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bishops fight adoption by gays and lesbians

bishops fight adoption by gays and lesbians

Massachusetts's four Roman Catholic bishops want Catholic social service agencies exempted from state law that requires them to place some adoptive children in gay households. The request has been in the planning stages for some time, but the bishops met earlier this week to come to a final agreement, said Ed Saunders, executive director of the Massachusetts Catholic Conference, the church's public policy arm.

The Vatican has come out against adoption of children by same-sex couples, and the archbishop of Boston, as well as the bishops of Fall River, Worcester, and Springfield, say the state's antidiscrimination laws are a violation of religious freedom. "We are asking the commonwealth to respect constitutional guarantee of religious freedom and allow the Catholic Church to continue serving children in need of adoption without violating the tenets of our faith," the bishops said in a joint statement issued Tuesday.

Saunders would not discuss possible strategies for getting Catholic agencies exempted from the law, but it could involve legislative or legal action. Gov. Mitt Romney cannot by executive order waive antidiscrimination laws, but "Governor Romney respects and honors the free practice of religion, and he looks forward to meeting with representatives of the Catholic Church to discuss this issue," spokeswoman Julie Teer said Tuesday night.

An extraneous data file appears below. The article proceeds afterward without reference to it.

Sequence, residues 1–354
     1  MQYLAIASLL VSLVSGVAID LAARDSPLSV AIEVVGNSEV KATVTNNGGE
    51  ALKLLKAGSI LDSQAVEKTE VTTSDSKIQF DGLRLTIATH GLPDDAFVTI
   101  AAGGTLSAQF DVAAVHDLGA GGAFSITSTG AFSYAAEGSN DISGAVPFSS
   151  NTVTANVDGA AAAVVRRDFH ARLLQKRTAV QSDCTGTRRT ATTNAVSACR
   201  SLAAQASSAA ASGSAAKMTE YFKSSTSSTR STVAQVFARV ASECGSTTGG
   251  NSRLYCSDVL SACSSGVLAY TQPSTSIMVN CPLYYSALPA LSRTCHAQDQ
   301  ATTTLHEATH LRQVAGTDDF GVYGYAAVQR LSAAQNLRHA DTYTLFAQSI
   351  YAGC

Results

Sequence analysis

State representative Eugene O'Flaherty, house chairman of the joint committee on the judiciary, has said there would be little support among lawmakers for an exemption. Catholic Charities, the social service arm of the Boston archdiocese, has in the past two decades allowed a small percentage of the total number of children it has placed to be adopted into homes with gay parents. (AP)

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